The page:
In 1927 a patent was granted to Joseph Garaja of Pittsburgh that was to revolutionize the way snow domes were crafted. His process required assembling the globes under water, thus eliminating trapped air. This allowed the industry to go into mass production, thus lowering the prices dramatically. His company, Modern Novelty of Pittsburgh, supplied plastic-based water domes in every size and shape to retailers around the world for several decades.
The “snow” in snow domes has had an interesting history as well. In the earlier glass domes, it was created by using bone chips or tiny pieces of porcelain, ground rice, camphor/wax and meerschaum. In time the glass became thinner and the snow was made of gold foil. Other materials were experimented with, and although today’s manufacturers closely guard their formulas, most “snow” is actually small pieces of white plastic. The liquid has not always been water, with light oil used at one time, and the addition of glycol (antifreeze) helped to address the problem of freezing during winter shipment. In the 1960s a Hong Kong snow dome maker got into serious trouble when it was discovered that the water in their domes was polluted, having been taken directly from their harbor.
Snow domes are also a popular collectible because they don’t take up a lot of room to display them – unless your name is Andy Zito. This prolific collector and his wife have amassed a collection of more than 7,500 snow globes. A resident of Los Angeles, Andy first got interested in them when he purchased a few snow domes as birthday presents for his wife. To say they caught on with the Zitos would be an understatement. In their leisure travels and in his professional work as an illustrator, they developed a keen interest in the older souvenir types from around the world and in figural and advertising domes. Today their collection includes many rare and interesting examples. Andy agrees with the claim that common vintage souvenir snow domes remain very affordable, typically in the $8 to $15 range, although some souvenir domes can achieve greater values. Zito estimates that there are more than 1,000 active collectors worldwide.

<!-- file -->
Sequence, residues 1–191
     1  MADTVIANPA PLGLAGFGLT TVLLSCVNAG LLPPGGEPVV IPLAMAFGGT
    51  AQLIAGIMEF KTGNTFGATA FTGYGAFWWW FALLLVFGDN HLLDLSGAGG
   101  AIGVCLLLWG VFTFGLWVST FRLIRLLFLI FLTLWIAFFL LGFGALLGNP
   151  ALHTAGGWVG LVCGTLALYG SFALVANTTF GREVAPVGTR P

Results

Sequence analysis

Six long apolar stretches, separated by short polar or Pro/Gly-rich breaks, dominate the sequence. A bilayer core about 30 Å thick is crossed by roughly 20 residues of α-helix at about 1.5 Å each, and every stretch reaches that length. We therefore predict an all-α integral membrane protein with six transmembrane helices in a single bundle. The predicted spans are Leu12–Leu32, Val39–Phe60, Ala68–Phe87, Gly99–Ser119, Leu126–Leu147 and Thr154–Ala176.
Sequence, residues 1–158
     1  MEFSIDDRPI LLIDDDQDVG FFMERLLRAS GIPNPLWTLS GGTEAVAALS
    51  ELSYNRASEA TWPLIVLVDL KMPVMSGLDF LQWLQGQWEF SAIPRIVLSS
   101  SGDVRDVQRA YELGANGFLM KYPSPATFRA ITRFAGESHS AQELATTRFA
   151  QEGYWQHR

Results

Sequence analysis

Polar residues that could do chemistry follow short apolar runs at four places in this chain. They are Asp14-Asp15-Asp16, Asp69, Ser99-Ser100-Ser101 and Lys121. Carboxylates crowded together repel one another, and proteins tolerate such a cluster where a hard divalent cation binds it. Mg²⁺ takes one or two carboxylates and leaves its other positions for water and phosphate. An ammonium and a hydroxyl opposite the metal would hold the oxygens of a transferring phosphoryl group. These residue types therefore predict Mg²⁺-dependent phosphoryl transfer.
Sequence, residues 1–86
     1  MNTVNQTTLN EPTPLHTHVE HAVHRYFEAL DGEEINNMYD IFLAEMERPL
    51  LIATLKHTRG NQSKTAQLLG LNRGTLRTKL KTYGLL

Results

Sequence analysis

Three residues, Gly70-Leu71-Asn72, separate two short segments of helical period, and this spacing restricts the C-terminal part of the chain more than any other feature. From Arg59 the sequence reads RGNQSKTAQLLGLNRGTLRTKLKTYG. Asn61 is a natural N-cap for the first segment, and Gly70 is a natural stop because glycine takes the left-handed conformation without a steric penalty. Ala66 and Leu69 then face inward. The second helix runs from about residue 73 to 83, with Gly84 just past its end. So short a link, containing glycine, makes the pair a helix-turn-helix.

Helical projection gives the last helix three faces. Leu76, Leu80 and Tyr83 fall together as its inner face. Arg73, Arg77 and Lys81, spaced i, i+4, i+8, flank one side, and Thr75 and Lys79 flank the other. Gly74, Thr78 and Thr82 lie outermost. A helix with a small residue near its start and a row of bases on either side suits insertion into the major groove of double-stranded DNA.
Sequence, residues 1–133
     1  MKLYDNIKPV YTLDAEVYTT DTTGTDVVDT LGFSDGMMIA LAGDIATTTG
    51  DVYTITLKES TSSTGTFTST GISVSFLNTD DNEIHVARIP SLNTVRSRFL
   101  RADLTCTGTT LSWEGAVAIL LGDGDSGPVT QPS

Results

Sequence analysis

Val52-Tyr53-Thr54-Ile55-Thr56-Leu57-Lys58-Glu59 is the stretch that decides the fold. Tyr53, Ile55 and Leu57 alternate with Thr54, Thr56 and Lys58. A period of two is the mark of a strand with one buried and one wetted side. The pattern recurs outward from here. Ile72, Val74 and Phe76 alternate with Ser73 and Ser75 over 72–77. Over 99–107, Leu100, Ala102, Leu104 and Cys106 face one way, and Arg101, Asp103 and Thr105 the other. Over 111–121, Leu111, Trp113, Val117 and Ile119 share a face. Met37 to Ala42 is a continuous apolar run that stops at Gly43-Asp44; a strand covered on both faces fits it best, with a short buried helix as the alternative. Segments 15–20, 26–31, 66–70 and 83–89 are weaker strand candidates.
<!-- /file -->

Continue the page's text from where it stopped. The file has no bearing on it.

Andy said while some collectors might mix old and new snow globes, most prefer vintage snow domes, from the late 1930s through the 1980s. He also said the most popular category is undoubtedly the souvenir domes.
Zito shared some good advice for new dome collectors. “Souvenir snow domes from the 1960s and ’70s hold their interest and value best, but collect what you love and want to hold on to for your own personal reasons.” If you are looking for the older glass globes, make sure they have good decals and high, clear water still intact. Many of the new snow globes can be of thinner glass and surprisingly more fragile, Andy warns. Be aware that the glass globes weigh much more than their plastic counterparts, so shipping can be a factor in buying and selling.
Next time you travel, whether it covers a few hundred miles or takes you across the globe, stop in a gift store along the way and bring back a snow dome to remind you of the trip. It just may lead you to an exciting, fun and inexpensive hobby.
For those who want to learn more, Andy Zito will answer questions on his website, www.andyzito.com/snowdomes, regarding repairs, values and identifying domes. He also maintains an international network of serious and advanced collectors.